Of 25-hour load-shedding and 2017 realities

Hon. Folks, 25-hour electricity load-shedding is a new reality that made 2017 conspicuous. It has never been this bad in Malawi ever since we became an independent sovereign State in1964.

Is there hope for respite in 2018? The APM administration says so but these folks have a reputation for flying kites in our faces. They just might be taking us for fools.

Already they have pulled a fast one on generators meant to add 50 megawatts (MW) to the national grid. They were to be here this month, where are they?

A government which takes a third of our salaries as tax left a power crisis with far-reaching socio-economic consequences to Divine intervention. Our respite—if what we have seen since December 25 is there to last—is solely due to the rains that God has graciously provided us in due season.

The lie about generators as a short-term solution to power crisis started either in the first or second quarter of the year. Ministers, technocrats and even APM himself all pretended to care a about our plight.

Our wives, mothers and sisters have camped at maize mills for days; our sons and daughters who, after combing the job market for years to avail, sold the last animal there was in the khola to start a small business—welding shop, butchery, beauty salon, barber shop, e-commerce, etc—ended up exactly where they started from,  broke and broken.

Government is indifferent to all this because, although warm-blooded humans are suffering, the gross domestic product (GDP) growth projection for 2017/18 fiscal year is at no less than 5 percent even after factoring in the prolonged blackouts.

Could this explain why the so-called equitable load-shedding affected big industry—government’s tax cash cow—in a measured way (two predetermined days in a week) while small businesses run by ordinary Malawians trying to flee from the poverty were carelessly given 8 hours of electricity in two days?

The raw deal government has given the informal sector—the business springboard for the unbankable who raise small capital through ‘banki m’khonde’—is not much different from what it has done to small and medium enterprises.

These were contracted to supply government with goods and services. They had to borrow money from the banks at a huge cost largely due to government’s massive borrowing on the domestic money market.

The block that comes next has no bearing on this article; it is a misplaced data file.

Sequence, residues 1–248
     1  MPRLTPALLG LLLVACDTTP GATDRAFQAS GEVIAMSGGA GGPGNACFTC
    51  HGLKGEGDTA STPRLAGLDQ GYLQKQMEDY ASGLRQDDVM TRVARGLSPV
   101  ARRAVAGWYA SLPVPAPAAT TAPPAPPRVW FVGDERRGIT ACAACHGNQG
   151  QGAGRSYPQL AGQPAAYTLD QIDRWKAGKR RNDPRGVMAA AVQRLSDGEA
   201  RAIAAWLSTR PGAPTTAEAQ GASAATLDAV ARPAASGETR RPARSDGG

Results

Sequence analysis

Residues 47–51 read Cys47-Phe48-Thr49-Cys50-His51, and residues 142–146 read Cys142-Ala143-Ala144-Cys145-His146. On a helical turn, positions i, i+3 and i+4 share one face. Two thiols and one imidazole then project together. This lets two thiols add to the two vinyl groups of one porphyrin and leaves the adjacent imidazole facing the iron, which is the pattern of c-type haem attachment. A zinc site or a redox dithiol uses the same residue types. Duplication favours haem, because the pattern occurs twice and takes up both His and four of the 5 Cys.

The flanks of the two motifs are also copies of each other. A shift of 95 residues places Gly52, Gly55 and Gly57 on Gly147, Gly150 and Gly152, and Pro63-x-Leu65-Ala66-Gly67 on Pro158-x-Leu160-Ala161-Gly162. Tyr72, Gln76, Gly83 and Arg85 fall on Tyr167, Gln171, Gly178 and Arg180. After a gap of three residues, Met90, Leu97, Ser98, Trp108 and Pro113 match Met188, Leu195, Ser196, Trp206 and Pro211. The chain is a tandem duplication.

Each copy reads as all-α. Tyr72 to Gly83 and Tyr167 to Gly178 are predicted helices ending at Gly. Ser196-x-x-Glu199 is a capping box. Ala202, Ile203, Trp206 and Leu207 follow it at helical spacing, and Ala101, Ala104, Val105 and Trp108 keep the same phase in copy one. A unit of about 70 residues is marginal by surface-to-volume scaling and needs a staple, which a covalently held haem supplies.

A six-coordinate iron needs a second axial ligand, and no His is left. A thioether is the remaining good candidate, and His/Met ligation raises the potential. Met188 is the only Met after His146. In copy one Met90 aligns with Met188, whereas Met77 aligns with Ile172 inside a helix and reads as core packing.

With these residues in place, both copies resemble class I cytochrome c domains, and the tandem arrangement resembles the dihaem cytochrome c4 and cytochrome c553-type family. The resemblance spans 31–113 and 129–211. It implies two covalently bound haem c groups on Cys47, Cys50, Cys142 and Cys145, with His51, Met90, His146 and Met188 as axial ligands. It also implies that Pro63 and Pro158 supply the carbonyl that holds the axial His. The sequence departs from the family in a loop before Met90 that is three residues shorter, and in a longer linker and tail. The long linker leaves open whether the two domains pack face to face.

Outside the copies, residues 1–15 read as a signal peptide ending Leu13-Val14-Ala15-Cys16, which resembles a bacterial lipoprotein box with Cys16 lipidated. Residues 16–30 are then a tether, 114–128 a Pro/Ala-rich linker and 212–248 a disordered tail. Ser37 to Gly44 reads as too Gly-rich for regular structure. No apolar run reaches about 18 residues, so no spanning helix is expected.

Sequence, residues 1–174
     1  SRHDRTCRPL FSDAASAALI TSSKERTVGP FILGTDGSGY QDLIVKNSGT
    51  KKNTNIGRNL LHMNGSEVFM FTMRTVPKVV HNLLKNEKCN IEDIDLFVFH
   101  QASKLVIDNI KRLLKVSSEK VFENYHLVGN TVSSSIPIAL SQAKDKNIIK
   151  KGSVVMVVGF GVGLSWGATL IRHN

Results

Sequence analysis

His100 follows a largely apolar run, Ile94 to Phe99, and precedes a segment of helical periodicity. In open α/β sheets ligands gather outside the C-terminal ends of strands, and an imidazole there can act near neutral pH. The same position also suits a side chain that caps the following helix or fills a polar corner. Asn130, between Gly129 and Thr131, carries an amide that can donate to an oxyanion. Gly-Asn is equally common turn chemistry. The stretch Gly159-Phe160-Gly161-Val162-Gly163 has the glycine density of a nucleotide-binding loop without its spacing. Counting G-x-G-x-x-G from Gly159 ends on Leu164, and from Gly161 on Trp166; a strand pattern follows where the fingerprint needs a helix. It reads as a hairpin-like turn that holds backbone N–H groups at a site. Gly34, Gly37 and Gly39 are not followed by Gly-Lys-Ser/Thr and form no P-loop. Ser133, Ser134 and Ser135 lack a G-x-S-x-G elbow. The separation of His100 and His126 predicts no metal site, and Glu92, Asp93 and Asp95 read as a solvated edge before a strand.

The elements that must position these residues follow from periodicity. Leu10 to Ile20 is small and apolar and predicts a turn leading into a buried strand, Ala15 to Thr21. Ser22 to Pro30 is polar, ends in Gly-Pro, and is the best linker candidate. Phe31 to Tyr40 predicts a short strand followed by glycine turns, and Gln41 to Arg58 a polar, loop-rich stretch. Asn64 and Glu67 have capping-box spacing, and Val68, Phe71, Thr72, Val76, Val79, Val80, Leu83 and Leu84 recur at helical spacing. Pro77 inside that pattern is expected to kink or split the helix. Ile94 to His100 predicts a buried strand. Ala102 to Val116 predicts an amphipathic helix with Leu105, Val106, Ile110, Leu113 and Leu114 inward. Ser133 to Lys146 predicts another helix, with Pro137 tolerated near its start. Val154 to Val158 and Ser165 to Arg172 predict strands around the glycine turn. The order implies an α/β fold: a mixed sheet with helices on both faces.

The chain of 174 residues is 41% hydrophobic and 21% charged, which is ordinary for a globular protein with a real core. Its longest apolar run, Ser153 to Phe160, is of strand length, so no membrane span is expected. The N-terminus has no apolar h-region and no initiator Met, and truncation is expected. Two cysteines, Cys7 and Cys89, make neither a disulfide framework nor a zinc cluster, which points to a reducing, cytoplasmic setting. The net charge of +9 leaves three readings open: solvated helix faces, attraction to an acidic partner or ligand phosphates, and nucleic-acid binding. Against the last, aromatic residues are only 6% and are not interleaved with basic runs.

Yet for reasons again best known to government itself, it delayed payment for the suppliers for months, if not years. Three years ago government arrears were as high as K157 billion! Nobody in this predatory government cared to know the fate of the small and medium enterprises (SMEs) they short changed.

Which reminds me of another new reality for 2017—the deliberate (at least that’s how it appears to me) government move to saturate the domestic market with maize as a means of containing inflation.

Government exaggerated the magnitude of hunger of the yesteryear, claiming that nearly half the population was so badly hit by a combination of floods and drought that they needed food relief.

Donors came in with massive support. Corrupt folks in government capitalised on the frenzy, flouting laid down procurement procedures on the pretext of fast tracking the procurement of the much needed maize in order to save life.

In the end, there was so much maize on the market that farmers had no choice but to sell their surplus for this year at below production costs.

While the small farmer was crying over the exploitation, government was all smiles because, thanks to the abundance of maize, inflation has been brought to single digit. In its Machiavellian reason, the end justifies the means.

Will 2018 be any different? No! Exploitation is the reason why the poor are getting poorer when the rich few are getting richer. Exploitation is also the reason why our leaders are enjoying expensive lives at the expense of a nation ranked the poorest by GDP per capita.

Exploitation is also the reason why our human development index (HDI) rating is among the lowest in the world. The rich politicians are oblivious to the fact that more and more Malawians are tripping into the cycle of abject poverty.

For us to get out of this mess we’re forced into, our leaders must know that stepping on our toes is crossing the red line and we’ll meet on the street. Our Constitution allows it.

Lastly, let’s pray for Public Affairs Committee (PAC) before it’s leaders are all bought with lucrative positions in parastatal boards. Happy New Year hardworking and law -abiding Malawians!

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